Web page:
6) Money that doctors make from Medicaid/Medicare/Insurance companies is prenegotiated. Fees paid to the doctor are largely controlled by these entities.

7) The current pay system does NOT encourage long visits, or extensive counseling.

8) Most people who come into the emergency room do not have emergencies.

9) This may sound harsh, but for most doctors, if it is not life-threatening, it is not very important.

10) If someone is able to walk into an ER and sit and wait for several hours, they probably do not have something life-threatening. If they have had the problem for several months or even years, they probably do not have something life-threatening. Again, if they have had the problem for years and they are able to visit the ER multiple times, probably not something life-threatening.

11) Missing something life-threatening is probably the biggest fear of most doctors. For example an earlier poster, Charolastra00, had Hodgkin's lymphoma that was missed. This would have been a nightmare for most doctors.

12) Unfortunately, daily diarrhea, daily vomiting, a chronic rash (things I saw pointed out earlier in the thread); these things may not necessarily be life-threatening, so knowing this, some doctors may ignore them.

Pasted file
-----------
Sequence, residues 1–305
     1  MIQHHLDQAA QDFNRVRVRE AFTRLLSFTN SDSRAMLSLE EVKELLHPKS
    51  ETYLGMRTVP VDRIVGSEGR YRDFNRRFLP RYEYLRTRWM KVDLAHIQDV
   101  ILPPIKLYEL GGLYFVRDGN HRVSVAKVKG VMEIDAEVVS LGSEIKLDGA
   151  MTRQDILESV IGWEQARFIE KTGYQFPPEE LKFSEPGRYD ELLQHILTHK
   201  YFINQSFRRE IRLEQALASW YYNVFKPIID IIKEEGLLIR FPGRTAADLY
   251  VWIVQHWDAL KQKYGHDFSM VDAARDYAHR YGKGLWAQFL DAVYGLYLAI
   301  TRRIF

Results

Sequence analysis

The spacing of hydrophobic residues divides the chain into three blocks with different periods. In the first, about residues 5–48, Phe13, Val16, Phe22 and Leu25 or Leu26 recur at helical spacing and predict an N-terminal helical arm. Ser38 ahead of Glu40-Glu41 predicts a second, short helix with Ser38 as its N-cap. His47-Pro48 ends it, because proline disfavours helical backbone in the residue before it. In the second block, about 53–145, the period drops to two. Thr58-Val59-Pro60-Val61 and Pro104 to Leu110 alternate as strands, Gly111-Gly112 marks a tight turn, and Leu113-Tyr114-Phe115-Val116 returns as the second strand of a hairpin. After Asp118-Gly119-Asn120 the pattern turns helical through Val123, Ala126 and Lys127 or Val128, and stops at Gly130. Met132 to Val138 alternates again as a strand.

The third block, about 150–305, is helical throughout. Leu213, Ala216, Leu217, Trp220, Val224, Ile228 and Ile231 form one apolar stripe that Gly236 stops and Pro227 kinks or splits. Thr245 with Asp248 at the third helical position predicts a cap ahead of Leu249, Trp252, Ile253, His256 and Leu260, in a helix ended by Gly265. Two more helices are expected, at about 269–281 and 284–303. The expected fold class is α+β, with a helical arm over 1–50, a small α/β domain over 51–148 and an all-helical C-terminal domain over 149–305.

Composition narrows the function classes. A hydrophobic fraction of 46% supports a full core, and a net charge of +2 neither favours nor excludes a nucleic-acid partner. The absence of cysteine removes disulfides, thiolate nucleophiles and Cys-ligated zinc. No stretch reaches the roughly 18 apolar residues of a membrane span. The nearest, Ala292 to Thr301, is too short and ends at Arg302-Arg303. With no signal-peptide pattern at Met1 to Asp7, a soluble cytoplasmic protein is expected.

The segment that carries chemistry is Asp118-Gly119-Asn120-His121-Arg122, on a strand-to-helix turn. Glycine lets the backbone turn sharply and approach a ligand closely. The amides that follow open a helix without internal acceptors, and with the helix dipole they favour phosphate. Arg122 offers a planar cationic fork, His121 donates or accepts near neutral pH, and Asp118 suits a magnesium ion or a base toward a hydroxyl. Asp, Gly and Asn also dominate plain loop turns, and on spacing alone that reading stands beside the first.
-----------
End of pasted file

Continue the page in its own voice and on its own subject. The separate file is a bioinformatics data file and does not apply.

13) Most people are under the false assumption that good bedside manner = good doctor; interestingly, when doctors rate their peers, they see the best doctors as the ones who not only make the most accurate diagnoses but also make the fewest mistakes. These doctors may not necessarily have the best bedside manner.

14) Studies have shown that doctors who are the most highly rated by their patients also overtreat and over-prescribe. They order more tests and prescribe more medications than necessary.